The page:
Australia’s competition watchdog has sued confectionary giant Peters for allegedly creating an ice cream monopoly for the sale of its frozen treats in service stations and convenience stores across the country.
The Australian Competition and Consumer Commission (ACCC) said on Friday it has instituted Federal Court proceedings against Peters, claiming the ice cream maker had engaged in anti-competitive conduct to boost sales of its single-wrapped ice creams throughout Australia.
The competition watchdog’s claims centre on a deal between Peters and major food distributor PFD over a five-year period between 2014 and 2019. Peters makes a number of popular ice cream brands including Maxibons, Drumsticks, Icypoles and Frosty Fruits.
The deal between Peters and PFD allegedly contained a condition that PFD could not supply any ice cream brands from Peters’ competitors to its service station and convenience store clients. This was despite requests from PFD to distribute other ice creams, which were knocked back by Peters, the ACCC claims.
The watchdog says that new entrants into the ice cream market could not seek out other distributors other than PFD to circumvent the alleged freeze-out as PFD was the only suitable distributor for this market.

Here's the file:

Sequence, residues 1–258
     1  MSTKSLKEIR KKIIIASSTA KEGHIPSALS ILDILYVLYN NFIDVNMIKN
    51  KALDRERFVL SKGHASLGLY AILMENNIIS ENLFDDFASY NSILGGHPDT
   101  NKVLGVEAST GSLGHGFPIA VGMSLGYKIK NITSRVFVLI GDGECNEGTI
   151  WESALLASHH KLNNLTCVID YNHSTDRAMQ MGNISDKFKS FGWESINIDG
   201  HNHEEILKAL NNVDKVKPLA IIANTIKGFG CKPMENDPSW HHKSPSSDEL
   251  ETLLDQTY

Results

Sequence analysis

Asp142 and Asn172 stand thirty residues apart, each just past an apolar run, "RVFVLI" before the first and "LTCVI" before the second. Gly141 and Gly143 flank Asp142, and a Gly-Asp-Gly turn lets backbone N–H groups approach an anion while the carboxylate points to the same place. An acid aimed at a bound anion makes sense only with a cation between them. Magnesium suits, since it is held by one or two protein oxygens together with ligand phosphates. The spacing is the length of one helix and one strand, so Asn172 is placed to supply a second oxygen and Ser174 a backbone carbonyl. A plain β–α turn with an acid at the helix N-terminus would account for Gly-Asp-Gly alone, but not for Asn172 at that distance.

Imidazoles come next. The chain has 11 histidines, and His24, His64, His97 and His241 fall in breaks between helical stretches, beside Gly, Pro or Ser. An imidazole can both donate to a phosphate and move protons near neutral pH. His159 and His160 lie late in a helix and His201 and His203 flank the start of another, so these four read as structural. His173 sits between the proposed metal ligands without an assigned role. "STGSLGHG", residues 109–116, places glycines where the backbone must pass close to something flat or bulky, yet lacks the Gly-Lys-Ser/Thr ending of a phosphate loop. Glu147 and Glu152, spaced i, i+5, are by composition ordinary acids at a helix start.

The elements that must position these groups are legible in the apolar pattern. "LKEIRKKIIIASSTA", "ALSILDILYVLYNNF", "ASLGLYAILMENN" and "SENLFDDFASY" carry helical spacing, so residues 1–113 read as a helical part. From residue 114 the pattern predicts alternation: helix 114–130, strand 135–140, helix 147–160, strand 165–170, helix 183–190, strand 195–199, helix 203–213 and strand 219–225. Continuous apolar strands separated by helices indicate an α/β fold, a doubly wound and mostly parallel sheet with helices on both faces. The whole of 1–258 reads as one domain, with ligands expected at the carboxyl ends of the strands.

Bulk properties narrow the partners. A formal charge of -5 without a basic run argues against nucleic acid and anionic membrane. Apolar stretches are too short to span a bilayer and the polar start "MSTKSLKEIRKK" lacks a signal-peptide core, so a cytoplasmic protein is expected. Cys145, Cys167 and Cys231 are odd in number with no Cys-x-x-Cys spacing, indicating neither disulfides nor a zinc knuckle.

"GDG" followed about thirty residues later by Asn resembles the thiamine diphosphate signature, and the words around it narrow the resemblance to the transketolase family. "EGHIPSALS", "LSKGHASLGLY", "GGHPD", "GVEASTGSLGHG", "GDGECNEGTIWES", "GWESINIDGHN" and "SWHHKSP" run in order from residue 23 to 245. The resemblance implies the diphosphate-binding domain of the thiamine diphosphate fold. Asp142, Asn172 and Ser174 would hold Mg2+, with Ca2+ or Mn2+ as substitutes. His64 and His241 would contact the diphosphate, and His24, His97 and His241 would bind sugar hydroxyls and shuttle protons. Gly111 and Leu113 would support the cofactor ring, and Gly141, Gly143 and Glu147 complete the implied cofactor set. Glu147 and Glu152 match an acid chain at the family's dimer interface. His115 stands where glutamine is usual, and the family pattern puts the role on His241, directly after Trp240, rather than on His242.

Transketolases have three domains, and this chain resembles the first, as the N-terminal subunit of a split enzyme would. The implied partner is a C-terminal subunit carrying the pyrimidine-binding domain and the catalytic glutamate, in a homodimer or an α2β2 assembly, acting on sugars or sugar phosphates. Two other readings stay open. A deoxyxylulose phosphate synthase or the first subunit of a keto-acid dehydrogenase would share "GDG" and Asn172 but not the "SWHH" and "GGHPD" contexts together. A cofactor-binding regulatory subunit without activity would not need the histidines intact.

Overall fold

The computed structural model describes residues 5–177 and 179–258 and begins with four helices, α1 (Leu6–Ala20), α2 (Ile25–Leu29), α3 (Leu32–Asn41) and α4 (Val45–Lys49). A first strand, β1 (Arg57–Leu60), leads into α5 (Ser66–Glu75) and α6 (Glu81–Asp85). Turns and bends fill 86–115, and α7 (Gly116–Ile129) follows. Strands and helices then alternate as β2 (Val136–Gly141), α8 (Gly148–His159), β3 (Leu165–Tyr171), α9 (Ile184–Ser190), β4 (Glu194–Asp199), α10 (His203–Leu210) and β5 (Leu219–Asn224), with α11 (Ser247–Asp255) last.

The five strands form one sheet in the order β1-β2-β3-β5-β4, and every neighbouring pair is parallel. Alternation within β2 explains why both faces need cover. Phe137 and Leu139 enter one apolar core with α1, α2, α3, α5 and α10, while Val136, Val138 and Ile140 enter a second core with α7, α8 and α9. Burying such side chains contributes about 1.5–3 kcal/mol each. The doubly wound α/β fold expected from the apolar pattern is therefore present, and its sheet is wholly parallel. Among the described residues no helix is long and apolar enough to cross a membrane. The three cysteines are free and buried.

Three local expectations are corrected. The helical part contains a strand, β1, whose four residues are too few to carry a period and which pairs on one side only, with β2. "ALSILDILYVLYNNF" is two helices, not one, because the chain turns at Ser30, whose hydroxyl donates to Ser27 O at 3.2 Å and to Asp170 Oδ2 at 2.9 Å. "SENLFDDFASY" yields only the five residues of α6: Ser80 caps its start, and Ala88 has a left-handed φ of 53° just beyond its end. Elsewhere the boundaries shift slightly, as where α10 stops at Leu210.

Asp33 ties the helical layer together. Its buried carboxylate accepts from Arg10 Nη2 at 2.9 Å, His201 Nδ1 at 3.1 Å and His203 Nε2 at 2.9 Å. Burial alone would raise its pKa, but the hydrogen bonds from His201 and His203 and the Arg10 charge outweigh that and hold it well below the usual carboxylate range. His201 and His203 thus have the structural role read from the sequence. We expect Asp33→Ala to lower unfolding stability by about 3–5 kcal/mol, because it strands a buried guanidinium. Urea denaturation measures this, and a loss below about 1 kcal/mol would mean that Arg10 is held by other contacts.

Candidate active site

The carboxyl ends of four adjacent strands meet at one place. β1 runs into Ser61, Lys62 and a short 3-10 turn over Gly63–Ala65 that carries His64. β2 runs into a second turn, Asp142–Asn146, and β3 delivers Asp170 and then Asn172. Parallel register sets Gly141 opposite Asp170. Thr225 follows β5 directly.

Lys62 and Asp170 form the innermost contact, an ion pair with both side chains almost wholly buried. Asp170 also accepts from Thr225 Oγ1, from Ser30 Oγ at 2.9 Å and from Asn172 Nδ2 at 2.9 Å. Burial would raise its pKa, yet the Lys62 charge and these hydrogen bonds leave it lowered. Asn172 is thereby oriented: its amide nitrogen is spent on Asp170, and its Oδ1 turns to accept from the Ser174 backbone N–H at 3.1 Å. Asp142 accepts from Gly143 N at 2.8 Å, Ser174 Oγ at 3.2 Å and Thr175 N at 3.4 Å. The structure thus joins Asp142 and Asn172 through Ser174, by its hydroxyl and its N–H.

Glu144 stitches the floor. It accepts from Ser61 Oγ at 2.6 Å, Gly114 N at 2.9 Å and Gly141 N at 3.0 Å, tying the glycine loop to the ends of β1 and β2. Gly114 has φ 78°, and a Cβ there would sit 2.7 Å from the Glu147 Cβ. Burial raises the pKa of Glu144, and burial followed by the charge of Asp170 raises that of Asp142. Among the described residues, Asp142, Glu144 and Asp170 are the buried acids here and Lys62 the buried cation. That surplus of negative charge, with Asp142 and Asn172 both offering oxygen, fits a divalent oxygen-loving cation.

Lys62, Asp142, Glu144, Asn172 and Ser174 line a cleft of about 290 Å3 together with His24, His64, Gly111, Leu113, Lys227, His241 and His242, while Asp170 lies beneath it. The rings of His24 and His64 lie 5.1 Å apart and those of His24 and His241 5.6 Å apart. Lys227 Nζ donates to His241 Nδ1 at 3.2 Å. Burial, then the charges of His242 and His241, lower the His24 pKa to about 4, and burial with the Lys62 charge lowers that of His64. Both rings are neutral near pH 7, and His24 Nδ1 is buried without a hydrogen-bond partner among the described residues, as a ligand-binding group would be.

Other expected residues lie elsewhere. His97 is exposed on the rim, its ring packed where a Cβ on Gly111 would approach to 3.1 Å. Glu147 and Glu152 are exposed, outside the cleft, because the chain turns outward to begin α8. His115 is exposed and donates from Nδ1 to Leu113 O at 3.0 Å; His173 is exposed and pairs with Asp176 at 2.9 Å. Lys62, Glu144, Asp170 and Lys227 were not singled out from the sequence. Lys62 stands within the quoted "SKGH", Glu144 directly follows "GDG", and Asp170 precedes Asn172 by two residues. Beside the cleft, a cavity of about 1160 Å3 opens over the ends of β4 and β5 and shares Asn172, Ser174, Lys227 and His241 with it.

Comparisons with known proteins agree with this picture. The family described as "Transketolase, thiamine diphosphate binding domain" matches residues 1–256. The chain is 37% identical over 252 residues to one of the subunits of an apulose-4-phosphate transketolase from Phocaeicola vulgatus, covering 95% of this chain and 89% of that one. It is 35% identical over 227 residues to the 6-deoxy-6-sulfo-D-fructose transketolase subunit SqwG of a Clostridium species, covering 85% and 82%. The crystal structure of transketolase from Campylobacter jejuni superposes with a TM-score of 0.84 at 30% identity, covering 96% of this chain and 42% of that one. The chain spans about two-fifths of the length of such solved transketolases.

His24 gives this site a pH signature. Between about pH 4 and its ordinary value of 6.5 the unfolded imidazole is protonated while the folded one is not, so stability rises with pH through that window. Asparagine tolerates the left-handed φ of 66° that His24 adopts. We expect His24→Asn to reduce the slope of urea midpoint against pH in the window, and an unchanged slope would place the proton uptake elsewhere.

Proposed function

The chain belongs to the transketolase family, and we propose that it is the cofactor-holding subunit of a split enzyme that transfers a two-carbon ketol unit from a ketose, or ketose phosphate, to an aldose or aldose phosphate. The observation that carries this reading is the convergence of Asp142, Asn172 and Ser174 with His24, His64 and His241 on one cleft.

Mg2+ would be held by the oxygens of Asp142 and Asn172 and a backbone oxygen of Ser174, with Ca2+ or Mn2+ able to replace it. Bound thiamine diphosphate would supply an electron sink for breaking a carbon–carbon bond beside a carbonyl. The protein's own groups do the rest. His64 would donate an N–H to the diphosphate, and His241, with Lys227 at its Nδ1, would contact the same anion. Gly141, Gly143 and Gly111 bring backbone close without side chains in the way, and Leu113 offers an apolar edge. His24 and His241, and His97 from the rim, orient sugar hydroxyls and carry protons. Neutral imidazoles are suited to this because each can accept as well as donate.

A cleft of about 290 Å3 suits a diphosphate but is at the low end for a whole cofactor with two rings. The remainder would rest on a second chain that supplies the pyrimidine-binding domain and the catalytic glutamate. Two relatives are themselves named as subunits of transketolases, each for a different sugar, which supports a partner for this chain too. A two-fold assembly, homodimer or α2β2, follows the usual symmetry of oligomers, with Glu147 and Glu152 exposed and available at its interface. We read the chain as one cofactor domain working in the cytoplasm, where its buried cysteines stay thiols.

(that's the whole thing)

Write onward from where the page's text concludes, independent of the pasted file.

We allege that this conduct reduced competition, and may have deprived ice cream lovers of a variety of choice or the benefit of lower prices when purchasing an ice cream at one of these stores.ACCC chair Rod Sims
“We allege that, as a result of the agreement and Peters’ conduct, other ice cream suppliers had no commercially viable way of distributing their single-serve ice creams to national petrol and convenience retailers,” ACCC Chair Rod Sims said.
“Our case is that the distribution agreement and Peters’ conduct effectively raised barriers of entry, which hindered or prevented potential new entry into the market to supply single serve ice cream products to petrol and convenience retailers.”
Mr Sims has also claimed that a “substantial purpose” of Peters striking the deal was to protect its market position and edge out competitors. Peters is one of just two major suppliers of single-wrapped ice-creams in Australia alongside Streets, with the two companies owning 95 per cent of the local market.
“We allege that this conduct reduced competition, and may have deprived ice cream lovers of a variety of choice or the benefit of lower prices when purchasing an ice cream at one of these stores,” Mr Sims said.
Peters has since told the ACCC that it has struck a new deal with PFD which no longer includes the restrictive term. However, this does not constitute an admission of guilt by the company.
Peters was founded in 1907 in New South Wales by an American expatriate and grew into a major confectionery brand. Having changed hand a number of times since, it is currently owned by European food giant Froneri.
The ACCC is seeking declarations, pecuniary penalties, a compliance program order and costs.
Peters has been contacted for comment.
Source: Thanks smh.com